This Christmas we’ve decided to make your present buying a lot less stressful by asking the 4th Estate team to hand-pick books for all your relatives. Hopefully this will mean less umming and ahhing in the bookshop, and more oohing and ahhing on Christmas Day…
You’re sure you didn’t look so mature when you were that age, and you definitely spent less time watching screens, huddled indoors, but neither of these facts can account for your inability to understand your niece. You could spend the next few years perplexed, or you could remember that by this age, everyone that didn’t live with you was already treating you like an adult.
These are formative years for your niece, so you’ll want to make an impression on her. The Emperor Waltz is a scintillating novel, full of ambition and values to live by. The opening situation of a young man striking out to study art, to go his own way, is guaranteed to inflame a burgeoning desire for independence. Your niece will identify with characters, smirk about street-speak and be inspired to think deeply about the way we live.
It may be a cliché to give your niece a coming of age novel as she’s coming of age, but don’t let that put you off. Tell the Wolves I’m Home is a terrific story about sisters and first love. June Elbus loses her uncle, the only person that has ever understood her, to a mysterious illness. But into the void that is left by Uncle Finn steps a man she’s never met who knows a lot about her. June’s story may end, but your niece will never forget her.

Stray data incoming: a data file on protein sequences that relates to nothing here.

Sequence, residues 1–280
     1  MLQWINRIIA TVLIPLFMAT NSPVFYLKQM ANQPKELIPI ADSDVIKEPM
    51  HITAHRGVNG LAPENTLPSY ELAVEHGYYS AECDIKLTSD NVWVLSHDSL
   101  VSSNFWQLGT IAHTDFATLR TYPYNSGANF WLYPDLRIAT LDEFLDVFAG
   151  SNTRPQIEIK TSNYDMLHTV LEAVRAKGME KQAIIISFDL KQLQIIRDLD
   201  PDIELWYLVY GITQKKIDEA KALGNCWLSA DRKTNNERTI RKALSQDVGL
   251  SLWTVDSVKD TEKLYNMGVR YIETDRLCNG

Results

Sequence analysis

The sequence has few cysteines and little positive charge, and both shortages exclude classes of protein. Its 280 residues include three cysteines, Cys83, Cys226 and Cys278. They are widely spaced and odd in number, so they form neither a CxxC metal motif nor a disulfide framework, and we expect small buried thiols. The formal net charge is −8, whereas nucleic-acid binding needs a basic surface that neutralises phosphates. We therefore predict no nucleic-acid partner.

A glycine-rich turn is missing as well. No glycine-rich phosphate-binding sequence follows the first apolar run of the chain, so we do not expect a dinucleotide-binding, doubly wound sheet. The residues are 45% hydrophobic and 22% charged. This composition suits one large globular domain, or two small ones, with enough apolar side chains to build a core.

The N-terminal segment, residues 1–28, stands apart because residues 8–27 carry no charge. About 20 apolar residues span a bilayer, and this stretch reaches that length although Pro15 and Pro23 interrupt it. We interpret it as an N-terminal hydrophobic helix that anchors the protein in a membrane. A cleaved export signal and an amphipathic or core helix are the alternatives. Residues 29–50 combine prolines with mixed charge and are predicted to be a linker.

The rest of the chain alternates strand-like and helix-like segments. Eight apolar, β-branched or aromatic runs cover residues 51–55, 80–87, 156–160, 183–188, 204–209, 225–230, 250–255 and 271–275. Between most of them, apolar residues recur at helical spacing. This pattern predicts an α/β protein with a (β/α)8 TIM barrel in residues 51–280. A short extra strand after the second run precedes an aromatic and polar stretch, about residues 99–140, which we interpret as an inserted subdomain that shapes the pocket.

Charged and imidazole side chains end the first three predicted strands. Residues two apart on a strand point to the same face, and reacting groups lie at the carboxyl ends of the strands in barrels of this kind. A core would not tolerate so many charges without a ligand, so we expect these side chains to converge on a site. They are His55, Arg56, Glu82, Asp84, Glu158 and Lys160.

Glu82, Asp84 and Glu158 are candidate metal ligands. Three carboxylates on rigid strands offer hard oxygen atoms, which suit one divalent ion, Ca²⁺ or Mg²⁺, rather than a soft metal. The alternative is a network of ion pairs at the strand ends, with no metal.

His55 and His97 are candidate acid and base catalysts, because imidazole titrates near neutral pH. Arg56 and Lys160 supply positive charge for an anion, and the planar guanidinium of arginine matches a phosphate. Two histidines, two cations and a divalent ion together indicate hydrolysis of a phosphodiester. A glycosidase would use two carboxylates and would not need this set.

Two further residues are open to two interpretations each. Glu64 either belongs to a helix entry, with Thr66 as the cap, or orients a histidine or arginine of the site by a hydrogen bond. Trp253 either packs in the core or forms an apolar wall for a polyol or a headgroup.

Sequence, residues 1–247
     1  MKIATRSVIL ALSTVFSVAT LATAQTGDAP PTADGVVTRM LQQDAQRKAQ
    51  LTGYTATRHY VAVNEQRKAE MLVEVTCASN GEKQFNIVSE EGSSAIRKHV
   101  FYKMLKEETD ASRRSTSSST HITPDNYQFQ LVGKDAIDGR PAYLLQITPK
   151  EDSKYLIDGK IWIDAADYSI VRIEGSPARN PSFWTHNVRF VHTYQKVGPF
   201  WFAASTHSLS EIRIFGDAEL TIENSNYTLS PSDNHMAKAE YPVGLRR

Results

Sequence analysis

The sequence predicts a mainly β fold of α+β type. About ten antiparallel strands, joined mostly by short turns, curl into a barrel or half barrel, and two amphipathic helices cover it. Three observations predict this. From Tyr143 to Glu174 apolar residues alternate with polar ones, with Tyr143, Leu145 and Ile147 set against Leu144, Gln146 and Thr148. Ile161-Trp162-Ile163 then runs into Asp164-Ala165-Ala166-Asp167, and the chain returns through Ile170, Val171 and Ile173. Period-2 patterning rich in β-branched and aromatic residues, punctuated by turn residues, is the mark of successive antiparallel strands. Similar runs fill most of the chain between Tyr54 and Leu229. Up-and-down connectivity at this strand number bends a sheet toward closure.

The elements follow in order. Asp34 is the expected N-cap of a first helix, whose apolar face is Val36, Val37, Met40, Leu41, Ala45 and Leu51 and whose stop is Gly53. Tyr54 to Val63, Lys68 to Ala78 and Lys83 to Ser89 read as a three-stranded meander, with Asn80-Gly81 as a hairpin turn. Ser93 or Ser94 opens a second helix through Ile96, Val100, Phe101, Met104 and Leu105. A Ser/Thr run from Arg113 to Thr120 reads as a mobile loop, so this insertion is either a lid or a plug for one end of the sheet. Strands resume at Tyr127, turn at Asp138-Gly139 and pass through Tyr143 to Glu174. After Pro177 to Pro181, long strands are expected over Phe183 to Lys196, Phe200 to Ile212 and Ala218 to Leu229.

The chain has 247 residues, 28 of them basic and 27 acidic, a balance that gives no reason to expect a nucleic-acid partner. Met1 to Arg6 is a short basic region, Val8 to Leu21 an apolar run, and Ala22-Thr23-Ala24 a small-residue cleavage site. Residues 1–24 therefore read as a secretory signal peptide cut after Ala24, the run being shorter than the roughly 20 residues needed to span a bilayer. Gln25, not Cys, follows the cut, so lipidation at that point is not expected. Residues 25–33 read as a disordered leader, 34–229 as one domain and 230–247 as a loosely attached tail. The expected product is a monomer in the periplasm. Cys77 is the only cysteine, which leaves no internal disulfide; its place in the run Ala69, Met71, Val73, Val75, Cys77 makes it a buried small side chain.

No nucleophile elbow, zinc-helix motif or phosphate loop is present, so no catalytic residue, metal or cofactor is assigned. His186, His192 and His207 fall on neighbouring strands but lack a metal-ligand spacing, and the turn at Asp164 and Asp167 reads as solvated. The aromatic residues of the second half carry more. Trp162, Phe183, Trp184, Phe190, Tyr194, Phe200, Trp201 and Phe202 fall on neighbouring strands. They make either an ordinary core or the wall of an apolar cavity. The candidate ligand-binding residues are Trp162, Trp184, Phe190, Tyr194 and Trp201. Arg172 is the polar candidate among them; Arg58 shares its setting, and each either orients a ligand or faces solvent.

Available only as an e-book, this short story will gain you ‘living in the twenty first century’ brownie points. It also features the most kick-ass, daring and smart spy in the written world. Who happens to be an octogenarian. And female. Plus, there’s the boon that if your niece loves Edie Banister, the character returns in Harkaway’s novel Angelmaker.
You may not want to think about it, and her parents certainly don’t, but it won’t be long before your niece is leaving the nest. The thing with being teenage is, you certainly don’t want to listen to advice from your family – but from the front line of the struggle for self-actualisation? Let Lena become your niece’s best friend, and help her think about the fact that she’s in charge of her own destiny.
Narrated by the pampered and cosseted son of a drug lord is this story of life in a mansion, a plethora of hats, and the pursuit of pygmy hippos. The voice is distinctive and glorious, which creates a glossy façade for the underhand activity that abounds. Short enough to be devoured in one sitting, Down the Rabbit Hole proves that translated fiction need not be hard, and it earns your niece pseud-points to boot.
After the astonishing turnout of teenagers for the Scottish referendum, talk has turned to lowering the voting age for UK elections. Your niece might be the most politically astute person in the family, but if not, it’s likely that she’d rather find out about the political system and its variants for herself: this is the book for that. It’s also part of a series, so if the format works, the world is your niece’s oyster.
And a perfect stocking filler:
Put a little note in the front, suggesting your niece follow up the reading by watching Emma Watson’s speech as UN Women Goodwill Ambassador on YouTube, and she’ll be amazed by how firmly your finger is on the pulse.
Words and illustration by Bianca Winter.
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